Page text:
“Do you not know that those who run in a race all run, but one receives the prize? Run in such a way that you may obtain it.  And everyone who competes for the prize is temperate in all things. Now they do it to obtain a perishable crown, but we for an imperishable crown.”

1 Corinthians 9:24-25

“Here is something else I have learned: The fastest runners and the greatest heroes don’t always win races and battles. Wisdom, intelligence, and skill don’t always make you healthy, rich, or popular. We each have our own share of misfortune.”

Ecclesiastes 9:11

We are to run in such a way as to win the race set before us. According to Barna Research, 70% of pastors in the USA don’t make it to the end of their race.

Festina lente or make haste slowly” is an ancient saying that is as true in ancient times as it is in the modern age. We know the tortoise beats the hare but still we are tempted to ‘sprint and hurry up’. The caterpillar is slow and ugly at first, but it turns out in the end to be swift and beautiful insect.

Speed kills. But the other trouble with speed, is that it is just so slow. Let us slow down to the speed of the Holy Spirit. In a world that glorifies and rewards fast, we need to reexamine our current practice in the light of ancient truth. Fast food, fast cars and fast relationships, fast thoughts, fast diets and fast love. God calls us to “Go low and slow” as Heidi Baker says. Lust is fast, love is slow.

To win the race set out before us and the churches we serve, we need to pace ourselves. The Pilgrim’s Progress is a process of sit, walk, run, sit, walk, run and sit again, it’s not a flat-out sprint. If we realistically want to win the crown of life, we need to slow down to the Speed of Love. Love is slow. Slow Churches are love based churches, they s.l.o.w to the speed of real relationship. We need to be counter-cultural to the status quo which medicates speed sickness with Prozac and other Pharmakeia. We medicate our pain, often missing the wisdom to deal with the cause of the pain. Conformity to a sick culture makes you sick.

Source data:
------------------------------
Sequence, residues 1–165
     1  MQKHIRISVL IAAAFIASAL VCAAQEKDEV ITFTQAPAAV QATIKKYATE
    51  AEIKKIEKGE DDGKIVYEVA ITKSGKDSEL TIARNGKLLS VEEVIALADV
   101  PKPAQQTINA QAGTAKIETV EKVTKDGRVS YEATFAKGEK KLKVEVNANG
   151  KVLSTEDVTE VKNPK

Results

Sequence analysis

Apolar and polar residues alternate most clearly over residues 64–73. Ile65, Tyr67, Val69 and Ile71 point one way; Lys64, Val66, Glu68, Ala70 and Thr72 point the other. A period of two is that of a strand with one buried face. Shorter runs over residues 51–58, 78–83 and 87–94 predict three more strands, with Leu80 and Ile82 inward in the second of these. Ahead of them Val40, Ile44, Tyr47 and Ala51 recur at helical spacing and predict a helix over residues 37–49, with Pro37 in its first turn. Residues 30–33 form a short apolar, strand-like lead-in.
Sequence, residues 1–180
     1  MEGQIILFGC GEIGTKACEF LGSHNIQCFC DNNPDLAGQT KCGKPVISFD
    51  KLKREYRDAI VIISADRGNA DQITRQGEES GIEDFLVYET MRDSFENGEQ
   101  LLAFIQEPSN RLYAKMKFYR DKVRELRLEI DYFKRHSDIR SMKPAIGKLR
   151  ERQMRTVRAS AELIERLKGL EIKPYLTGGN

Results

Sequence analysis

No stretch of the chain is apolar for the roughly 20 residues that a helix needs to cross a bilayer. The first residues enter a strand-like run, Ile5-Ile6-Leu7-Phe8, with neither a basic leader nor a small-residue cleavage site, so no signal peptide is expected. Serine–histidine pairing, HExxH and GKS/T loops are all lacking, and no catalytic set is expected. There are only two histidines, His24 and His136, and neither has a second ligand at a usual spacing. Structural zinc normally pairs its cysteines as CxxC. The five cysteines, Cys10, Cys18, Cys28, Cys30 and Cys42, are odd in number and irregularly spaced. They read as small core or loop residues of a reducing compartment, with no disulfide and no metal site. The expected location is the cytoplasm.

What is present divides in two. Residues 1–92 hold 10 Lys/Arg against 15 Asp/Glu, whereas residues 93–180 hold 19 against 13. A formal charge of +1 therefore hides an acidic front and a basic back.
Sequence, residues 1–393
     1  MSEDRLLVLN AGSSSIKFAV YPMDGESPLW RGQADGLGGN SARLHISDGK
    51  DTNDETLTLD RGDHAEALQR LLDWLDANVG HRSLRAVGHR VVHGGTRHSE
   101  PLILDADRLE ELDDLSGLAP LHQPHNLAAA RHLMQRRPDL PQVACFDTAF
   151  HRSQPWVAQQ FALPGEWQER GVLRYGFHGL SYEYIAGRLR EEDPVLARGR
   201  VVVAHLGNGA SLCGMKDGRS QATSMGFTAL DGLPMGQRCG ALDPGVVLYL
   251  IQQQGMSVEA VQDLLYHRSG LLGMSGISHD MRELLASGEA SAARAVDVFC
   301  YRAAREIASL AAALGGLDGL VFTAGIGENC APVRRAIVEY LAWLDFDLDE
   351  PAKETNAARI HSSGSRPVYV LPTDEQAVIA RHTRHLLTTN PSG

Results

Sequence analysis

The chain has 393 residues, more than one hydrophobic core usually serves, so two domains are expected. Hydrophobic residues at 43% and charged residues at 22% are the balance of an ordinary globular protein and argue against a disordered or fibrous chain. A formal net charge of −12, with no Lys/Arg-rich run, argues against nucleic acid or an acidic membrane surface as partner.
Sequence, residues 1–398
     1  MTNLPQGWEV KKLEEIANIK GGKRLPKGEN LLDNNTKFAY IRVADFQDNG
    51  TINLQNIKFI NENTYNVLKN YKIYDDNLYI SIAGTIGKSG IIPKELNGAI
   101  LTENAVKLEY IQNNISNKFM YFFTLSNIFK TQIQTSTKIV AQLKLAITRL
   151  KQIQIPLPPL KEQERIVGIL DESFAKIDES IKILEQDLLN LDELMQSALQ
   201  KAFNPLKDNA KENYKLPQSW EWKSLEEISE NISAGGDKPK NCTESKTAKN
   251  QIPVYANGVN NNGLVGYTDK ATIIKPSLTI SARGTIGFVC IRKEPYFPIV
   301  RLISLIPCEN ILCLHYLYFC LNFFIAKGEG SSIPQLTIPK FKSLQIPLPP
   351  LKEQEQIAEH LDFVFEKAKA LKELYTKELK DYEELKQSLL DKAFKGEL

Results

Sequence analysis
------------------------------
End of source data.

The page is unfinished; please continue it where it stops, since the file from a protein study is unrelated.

Slowness, not as some understand it

“The Lord is not slow in keeping his promise, as some understand slowness. Instead he is patient with you, not wanting anyone to perish, but everyone to come to repentance.”

2 Peter 3:9

The Slow Church acronym consists of four words that are useful to describe a healthy and temperate Christian lifestyle. It is also useful to speak as a counter to the fast and fear driven culture we find ourselves in. Sustainable, Local, Organic and Whole churches … Christians practicing agape in Slow Churches.

Slow as a word, not an acronym, is a term describing time. Now, God exists outside of time, He is eternal but here on earth, we are not. We are eternal beings but are also bound by time and space on this dusty planet. We also live in a cultural context, where haste is considered a virtue. Therefore, using ‘slow’ is a useful readjustment reminder, that in a fast paced world, Christians are called to live at the pace of another kingdom, not of earth. Our clock and calendar is not from this age or even dimension. Jesus engaged in eternal things.